So that was some delicious Melbourne indie-rock. And then some.
On 11 December Winter York launched their second EP at the Evelyn. And they showed us exactly how far they’d come.
Here were no strangers to the stage. Winter York delivered a consummate performance, expertly straddling the fine line between cold precision and unhinged mayhem. Frontman James Mackey lead the band and rocked out with the ease and comfort of someone who clearly had years under his belt. Bringing the audience closer to the stage, he spread the fun and energy throughout the room. It didn’t feel like a special event nearly as much as it felt like a party between friends. Friends who had grown past the wild turmoil of early 20s but not yet near their buttoned up late 30s.
At this point, it almost doesn’t matter that they were joined by a violinist and cellist. Almost. But it does, and they were. They added the gorgeous string parts the band’s audience were imagining all along. It was that kind of music – lyrical, bittersweet, moving. Seeing the worlds of sticky carpets and bow ties join forces on stage enhanced the drama. Regrettably, the strings were only present for about half the set. No doubt they were welcome the whole night.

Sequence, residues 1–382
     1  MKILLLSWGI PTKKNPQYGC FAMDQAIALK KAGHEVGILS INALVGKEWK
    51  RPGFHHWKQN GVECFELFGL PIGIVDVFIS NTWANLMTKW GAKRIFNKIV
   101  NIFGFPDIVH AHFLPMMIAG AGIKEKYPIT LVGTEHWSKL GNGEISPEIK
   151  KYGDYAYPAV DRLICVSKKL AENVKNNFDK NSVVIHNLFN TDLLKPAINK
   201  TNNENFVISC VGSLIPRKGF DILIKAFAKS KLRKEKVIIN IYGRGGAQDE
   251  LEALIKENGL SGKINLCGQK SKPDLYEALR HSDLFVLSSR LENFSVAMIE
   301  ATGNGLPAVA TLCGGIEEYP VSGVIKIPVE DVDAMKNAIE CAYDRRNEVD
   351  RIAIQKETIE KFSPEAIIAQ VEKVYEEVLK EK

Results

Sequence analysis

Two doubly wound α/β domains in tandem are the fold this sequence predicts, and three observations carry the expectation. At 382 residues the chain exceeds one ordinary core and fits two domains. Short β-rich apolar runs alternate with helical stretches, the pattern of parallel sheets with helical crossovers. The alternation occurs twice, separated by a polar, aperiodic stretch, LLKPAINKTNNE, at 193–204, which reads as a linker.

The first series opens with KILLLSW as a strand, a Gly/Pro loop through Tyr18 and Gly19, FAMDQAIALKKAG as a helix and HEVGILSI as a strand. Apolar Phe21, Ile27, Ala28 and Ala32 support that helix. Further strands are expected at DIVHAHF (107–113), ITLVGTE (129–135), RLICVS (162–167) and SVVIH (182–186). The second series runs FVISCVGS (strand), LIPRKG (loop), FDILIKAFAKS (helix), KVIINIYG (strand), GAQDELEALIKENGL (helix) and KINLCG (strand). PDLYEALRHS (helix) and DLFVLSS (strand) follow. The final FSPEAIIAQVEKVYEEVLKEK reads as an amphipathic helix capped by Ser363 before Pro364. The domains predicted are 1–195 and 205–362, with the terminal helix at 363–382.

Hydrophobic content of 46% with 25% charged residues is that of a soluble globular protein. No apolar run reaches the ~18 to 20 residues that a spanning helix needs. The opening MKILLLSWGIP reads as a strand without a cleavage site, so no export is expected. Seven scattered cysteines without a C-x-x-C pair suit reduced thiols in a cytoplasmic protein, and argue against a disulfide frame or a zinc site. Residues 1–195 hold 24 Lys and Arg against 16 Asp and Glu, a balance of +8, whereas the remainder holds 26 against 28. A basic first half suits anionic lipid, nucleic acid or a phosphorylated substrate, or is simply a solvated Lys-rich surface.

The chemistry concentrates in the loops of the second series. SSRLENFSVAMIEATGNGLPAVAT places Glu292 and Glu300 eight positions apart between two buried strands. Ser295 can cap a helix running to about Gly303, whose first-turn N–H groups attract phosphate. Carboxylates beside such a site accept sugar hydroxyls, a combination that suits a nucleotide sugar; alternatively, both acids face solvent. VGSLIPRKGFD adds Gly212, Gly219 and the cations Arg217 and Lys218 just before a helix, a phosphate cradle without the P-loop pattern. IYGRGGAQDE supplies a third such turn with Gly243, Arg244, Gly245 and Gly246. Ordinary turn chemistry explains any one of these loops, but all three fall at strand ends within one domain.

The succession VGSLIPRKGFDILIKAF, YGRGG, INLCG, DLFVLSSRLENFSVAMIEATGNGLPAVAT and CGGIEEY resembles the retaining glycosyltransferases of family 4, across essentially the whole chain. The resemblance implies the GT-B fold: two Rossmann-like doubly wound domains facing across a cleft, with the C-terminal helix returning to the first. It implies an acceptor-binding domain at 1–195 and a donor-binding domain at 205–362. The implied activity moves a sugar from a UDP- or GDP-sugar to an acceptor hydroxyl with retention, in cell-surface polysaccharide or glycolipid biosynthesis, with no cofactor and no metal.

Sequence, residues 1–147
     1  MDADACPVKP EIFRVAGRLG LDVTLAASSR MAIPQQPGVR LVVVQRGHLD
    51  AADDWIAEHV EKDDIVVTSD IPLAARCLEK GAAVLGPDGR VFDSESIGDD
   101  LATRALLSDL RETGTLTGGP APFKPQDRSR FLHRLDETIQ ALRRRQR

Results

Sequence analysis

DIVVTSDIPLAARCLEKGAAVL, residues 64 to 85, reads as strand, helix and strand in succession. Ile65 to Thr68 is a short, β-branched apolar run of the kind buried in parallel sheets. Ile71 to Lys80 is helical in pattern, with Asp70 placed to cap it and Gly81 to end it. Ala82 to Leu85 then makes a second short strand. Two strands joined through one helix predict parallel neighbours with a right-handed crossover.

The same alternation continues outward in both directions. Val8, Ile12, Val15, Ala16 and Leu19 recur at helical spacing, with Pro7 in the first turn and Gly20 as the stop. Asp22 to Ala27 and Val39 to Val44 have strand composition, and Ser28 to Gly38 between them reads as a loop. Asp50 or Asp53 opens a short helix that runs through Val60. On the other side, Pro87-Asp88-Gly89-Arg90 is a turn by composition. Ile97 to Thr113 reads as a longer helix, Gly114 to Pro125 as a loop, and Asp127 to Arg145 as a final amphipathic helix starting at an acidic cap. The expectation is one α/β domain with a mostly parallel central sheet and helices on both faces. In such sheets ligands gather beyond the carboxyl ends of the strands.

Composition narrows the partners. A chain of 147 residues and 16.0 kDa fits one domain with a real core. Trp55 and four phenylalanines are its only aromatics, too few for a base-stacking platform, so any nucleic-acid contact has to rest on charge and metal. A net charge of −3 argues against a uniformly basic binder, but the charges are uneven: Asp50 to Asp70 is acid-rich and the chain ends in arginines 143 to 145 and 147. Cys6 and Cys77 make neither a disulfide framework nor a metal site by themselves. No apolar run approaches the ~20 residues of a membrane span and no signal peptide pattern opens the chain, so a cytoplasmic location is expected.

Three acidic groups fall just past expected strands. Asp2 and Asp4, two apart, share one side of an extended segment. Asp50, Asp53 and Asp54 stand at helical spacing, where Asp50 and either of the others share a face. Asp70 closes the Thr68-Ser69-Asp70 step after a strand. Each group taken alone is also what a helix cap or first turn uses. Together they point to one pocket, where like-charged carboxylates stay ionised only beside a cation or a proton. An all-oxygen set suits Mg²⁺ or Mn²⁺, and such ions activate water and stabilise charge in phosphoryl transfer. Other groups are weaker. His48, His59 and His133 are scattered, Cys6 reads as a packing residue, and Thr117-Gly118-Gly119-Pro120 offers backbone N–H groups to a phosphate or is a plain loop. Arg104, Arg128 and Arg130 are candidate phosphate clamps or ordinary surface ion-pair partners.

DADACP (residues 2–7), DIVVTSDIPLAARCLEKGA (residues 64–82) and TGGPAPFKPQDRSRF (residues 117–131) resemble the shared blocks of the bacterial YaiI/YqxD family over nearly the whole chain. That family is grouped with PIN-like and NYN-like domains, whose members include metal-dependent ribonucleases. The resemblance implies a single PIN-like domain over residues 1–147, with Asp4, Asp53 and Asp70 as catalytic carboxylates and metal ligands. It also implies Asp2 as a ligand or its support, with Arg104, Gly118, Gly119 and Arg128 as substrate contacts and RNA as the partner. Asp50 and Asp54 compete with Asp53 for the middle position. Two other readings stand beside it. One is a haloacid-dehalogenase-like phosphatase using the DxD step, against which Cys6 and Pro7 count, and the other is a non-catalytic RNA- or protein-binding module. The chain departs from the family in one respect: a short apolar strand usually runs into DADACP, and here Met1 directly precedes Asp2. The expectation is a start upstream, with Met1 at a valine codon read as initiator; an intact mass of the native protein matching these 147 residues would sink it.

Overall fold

The songs themselves gave the band ample scope for showmanship. They ranged from solemn echoed guitars to ripping lead solos, whisper-quiet confessions to soaring anthemic choruses, from subtle electronic percussion to roaring rock and roll drums. Winter York wove a captivating tapestry of stories throughout their set – stories that reflect on our souls, our relationships and what it means to be alive.